F.C. : I believe that there is a tendency towards setting up this type of company within clinics. Why we’re so successful, is that we chose to associate on the basis of personal human qualities. The human qualities being there, our set up can’t help but function well. Then we divided up the constraints, the holiday periods and the income equally. Whatever the activity, we share the same income right down to the last cent. There is therefore no infighting because our development has been built in and is common to all of us. In addition, this peace of mind means that we can all benefit from professional growth. Yesterday, I had great pleasure in assisting one of my colleagues with an operation that he’d never undertaken before. We all benefit from each others’ experience. I don’t do elbows and Philippe Bellemère is interested in them, so when I see a problem involving an elbow which I don’t have the skills to deal with, I send it over to him. Of course, that only works if everyone plays the game. Which is why we’re so keen to select team members on the basis of personal human qualities. That said, our contracts contain provisions should one of us voluntarily significantly reduce their activities, but we’ve never had to apply these rules.
M.O. : What made you choose surgery ?
F.C. : When I began working in hospitals in Paris, I fell into a department where I had a really great time ! It was in Mr Lance’s Orthopaedics department at Saint-Louis, where Jacques Witvoët was the senior registrar. He was an extraordinary teacher, in a class by himself. The resident was part of the team and at the coal face, in the operating theatre and in consultation… Usually, you did six months as a resident, but I asked to do a repeat and so was able to stay a year. I had already begun to feel that orthopaedics was for me and I was passionately fond of this type of surgery. In addition, I went to do Rheumatology with Mr de Seze at Lariboisière and that was the mother of all intellectual illuminations. De Sèze was a person with the most fantastic medical culture and had assistants who gave me the impression of knowing everything, all the time. You didn’t want to leave the department, you didn’t want to leave because the staff meetings, talks, conferences were all so interesting. Then, thirdly I went to Mr Merklin’s department, he was Professor of parasite diseases and tropical medicine in Paris. He was quite a person… Due to family culture, I was brought up in a spirit of sharing, the model being Albert Schweitzer. And Pr Merklin resembled him with his great white moustache, dressed in cheap clothes, shoes with soles falling apart, holes in his socks, but with a fantastic medical culture and an exceptional humanitarian. I was delegated to his consultations, and he did a lot of them. At each consultation, you saw people who had arrived from Africa and Asia, with diseases we had never seen in Europe. In a few seconds he would say to me “you see, it’s that.” He spoke a heap of exotic languages, African in particular. He would speak to patients in Wolof, in Soninké and I found that fabulous. I used to ask myself how so much talent and culture could be embodied in one person. The question for me was to know how I was going to succeed and blossom in the field of orthopaedics, given that I wanted to combine surgical gesture, medical knowledge and scientific research, all with a window onto the world. In the end, the block for leprosy run by the Order of Malta at the Hôpital Saint-Louis, enabled me to have all that.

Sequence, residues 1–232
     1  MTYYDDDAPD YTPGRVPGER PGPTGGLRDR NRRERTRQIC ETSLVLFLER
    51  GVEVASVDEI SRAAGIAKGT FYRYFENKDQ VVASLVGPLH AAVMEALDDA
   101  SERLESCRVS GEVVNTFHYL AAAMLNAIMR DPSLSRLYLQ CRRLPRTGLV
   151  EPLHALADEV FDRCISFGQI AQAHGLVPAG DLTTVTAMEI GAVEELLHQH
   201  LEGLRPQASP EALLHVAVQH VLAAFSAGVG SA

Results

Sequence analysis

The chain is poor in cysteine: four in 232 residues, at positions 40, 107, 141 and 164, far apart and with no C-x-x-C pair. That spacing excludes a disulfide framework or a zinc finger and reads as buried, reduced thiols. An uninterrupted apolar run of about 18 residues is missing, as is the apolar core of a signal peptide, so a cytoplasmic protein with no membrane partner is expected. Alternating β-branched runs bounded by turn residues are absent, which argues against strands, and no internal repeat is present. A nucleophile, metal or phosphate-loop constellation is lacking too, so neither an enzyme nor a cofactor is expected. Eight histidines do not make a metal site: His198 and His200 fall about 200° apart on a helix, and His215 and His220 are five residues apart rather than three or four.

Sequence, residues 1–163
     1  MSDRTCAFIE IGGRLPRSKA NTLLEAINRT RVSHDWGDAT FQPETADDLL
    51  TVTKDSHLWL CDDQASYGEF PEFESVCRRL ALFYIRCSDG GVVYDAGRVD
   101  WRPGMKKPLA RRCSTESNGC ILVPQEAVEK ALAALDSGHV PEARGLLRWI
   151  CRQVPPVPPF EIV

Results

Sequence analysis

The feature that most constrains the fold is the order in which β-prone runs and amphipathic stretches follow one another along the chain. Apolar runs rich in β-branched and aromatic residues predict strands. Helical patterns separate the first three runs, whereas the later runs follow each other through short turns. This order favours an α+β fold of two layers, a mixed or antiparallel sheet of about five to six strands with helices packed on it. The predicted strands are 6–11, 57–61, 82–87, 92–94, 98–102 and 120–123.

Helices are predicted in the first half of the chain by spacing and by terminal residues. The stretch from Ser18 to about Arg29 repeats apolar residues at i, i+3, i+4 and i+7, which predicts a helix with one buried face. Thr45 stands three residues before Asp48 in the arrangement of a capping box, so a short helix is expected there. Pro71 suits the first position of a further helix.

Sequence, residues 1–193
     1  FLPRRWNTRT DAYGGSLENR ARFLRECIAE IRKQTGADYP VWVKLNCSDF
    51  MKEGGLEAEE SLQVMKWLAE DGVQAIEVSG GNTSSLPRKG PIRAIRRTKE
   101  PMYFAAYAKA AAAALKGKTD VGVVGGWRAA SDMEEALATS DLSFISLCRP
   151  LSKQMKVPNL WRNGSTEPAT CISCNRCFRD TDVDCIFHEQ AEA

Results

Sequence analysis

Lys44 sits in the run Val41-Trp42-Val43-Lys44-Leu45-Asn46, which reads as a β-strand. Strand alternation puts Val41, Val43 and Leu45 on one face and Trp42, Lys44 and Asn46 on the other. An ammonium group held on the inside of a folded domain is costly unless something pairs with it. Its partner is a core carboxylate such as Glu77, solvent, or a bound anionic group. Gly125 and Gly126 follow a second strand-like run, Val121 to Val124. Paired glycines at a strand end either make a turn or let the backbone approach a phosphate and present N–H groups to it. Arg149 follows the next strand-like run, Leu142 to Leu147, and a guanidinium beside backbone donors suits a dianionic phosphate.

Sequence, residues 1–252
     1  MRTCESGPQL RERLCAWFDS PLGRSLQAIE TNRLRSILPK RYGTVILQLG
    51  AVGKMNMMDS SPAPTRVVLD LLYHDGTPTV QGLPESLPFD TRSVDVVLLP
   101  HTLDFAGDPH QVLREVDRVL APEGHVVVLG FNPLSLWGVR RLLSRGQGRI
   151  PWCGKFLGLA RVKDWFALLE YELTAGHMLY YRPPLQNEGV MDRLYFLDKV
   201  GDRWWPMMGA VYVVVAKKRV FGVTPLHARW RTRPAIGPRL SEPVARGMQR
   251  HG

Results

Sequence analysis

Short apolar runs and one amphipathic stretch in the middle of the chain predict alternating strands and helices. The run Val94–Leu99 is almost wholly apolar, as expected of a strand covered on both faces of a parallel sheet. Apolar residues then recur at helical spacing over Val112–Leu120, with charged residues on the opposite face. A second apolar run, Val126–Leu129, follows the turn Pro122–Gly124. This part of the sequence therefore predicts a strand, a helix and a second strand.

M.O. : But what is so attractive about tropical diseases ?
F.C. : Travelling, exotic places… the poverty and destitution in developing countries and the possibility of being able to effectively attenuate the afflictions of people. I have never separated my job as a surgeon from our basic role as doctors, which is to help those in need. And who needs a doctor, or a surgeon, more than the poverty-stricken and the mutilated to help recover their dignity ? As my mother used to remind me every day, one has a duty to the world, and what better way for a surgeon, albeit very specialized, to exercise his profession than to offer his services in this fashion ?
To close, I would like to mention one of Théodore Monod’s sayings: "You should never bring yourself to accept the unacceptable" which I believe the younger generation would do well to meditate before abandoning medicine for more lucrative paths but less involved in the welfare of people.
Maîtrise Orthopédique n° 165 - June 2007